When the Treasury released an update for the budget in June one of the notable aspects arising from the figures was that revenue, particularly from businesses, is evaporating. The operating income from large corporations is not a perfect sign of future government collections from companies, but it is, at least, a sign that the tax man may have a bad year.
Part of the difficulty with the Budget is that spending may be close to plans while receipts may not. The Administration made fairly optimistic projections for the strength of GDP growth and the moderating of the rise in unemployment. Now it faces the prospect that corporations are losing money, or that their profits are shrinking, compromising its tax base forecasts.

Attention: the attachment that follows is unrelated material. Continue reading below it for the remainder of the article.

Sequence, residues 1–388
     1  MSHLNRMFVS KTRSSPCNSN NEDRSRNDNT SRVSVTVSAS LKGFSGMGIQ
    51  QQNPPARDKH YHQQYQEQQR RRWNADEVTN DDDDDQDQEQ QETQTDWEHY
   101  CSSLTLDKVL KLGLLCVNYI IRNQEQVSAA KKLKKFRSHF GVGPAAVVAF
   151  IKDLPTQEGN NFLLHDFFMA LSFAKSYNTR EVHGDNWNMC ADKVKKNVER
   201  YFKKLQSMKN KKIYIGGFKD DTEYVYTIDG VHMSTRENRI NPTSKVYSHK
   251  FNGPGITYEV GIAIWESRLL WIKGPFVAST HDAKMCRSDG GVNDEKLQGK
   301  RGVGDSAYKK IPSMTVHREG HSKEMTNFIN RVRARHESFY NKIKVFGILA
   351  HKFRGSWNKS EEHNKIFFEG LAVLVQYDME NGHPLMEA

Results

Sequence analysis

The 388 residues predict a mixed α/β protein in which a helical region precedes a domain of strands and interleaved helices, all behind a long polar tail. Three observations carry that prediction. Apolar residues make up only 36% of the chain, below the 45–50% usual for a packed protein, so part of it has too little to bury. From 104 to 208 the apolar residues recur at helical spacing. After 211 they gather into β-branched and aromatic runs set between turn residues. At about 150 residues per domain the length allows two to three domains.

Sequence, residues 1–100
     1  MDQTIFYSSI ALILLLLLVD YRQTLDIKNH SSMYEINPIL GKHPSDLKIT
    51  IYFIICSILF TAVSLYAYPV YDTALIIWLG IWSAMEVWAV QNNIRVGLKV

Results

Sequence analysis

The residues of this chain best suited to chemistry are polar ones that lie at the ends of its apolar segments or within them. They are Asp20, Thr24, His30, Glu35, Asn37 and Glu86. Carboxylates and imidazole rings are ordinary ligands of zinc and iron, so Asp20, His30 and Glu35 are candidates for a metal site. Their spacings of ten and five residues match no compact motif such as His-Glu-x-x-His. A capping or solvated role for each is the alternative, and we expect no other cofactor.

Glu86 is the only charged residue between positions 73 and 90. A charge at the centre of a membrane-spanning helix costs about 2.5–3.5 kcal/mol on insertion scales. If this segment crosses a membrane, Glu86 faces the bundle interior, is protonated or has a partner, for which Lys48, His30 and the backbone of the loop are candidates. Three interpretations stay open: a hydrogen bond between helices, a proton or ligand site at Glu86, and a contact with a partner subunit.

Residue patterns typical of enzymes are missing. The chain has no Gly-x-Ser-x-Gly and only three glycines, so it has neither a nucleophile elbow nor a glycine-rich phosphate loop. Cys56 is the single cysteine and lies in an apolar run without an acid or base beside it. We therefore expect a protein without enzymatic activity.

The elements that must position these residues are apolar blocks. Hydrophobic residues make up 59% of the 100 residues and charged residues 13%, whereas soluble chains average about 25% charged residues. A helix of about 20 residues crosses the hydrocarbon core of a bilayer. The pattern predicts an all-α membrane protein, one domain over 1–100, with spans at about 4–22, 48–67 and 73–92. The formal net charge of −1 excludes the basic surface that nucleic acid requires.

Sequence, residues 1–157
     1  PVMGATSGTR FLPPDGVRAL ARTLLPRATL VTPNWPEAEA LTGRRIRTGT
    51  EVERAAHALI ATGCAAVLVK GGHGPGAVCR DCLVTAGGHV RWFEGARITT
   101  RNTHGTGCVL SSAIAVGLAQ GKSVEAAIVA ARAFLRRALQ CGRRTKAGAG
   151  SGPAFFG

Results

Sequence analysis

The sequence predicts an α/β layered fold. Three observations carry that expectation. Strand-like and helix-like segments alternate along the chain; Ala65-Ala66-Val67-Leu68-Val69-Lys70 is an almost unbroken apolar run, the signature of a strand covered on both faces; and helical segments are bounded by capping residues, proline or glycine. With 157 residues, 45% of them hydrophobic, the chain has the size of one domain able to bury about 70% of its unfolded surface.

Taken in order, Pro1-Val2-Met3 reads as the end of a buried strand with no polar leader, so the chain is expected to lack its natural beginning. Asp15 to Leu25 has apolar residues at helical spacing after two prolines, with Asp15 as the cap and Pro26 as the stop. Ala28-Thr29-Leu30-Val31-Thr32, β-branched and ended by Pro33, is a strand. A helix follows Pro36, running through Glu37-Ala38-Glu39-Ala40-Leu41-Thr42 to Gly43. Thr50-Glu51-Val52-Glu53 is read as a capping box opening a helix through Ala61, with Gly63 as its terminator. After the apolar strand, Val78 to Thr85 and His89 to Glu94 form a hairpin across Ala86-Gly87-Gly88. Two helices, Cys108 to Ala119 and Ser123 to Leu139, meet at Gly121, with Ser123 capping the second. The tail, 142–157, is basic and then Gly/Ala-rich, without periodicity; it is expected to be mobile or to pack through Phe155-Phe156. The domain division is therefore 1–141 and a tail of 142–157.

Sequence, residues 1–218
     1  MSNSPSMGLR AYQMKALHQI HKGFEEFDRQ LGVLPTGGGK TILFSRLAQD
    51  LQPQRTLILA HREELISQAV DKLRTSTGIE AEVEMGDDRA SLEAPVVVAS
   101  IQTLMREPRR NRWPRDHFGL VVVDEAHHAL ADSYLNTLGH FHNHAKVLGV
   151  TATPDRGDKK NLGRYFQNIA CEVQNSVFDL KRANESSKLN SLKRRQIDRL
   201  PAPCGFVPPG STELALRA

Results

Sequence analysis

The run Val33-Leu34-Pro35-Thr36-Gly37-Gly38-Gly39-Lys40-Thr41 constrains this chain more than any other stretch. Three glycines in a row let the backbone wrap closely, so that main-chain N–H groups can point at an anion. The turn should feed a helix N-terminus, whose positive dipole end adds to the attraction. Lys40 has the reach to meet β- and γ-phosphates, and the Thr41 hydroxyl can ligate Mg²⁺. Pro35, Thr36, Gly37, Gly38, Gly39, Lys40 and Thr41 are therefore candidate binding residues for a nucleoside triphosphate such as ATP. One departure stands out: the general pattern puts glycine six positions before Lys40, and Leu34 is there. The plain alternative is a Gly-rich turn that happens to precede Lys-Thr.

Microsoft (MSFT) is a case in point. Its provision for income taxes for its fiscal year ending June 30 fell from $6.133 billion last year to $5,552 in the period that just ended. That is $881 million, which is, even by the standards of the federal Budget, a lot of money. Another example is American Express (AXP), which in the last quarter had a provision for income taxes of $76 million, much lower than the $114 million provision in the last year's quarter.
Provisions for income taxes on public company P&Ls are not an entirely accurate proxy for IRS receipts but they are a reasonable way to gauge what the government will collect. Those receipts look pretty slim.
Douglas A. McIntyre is an editor at 24/7 Wall St.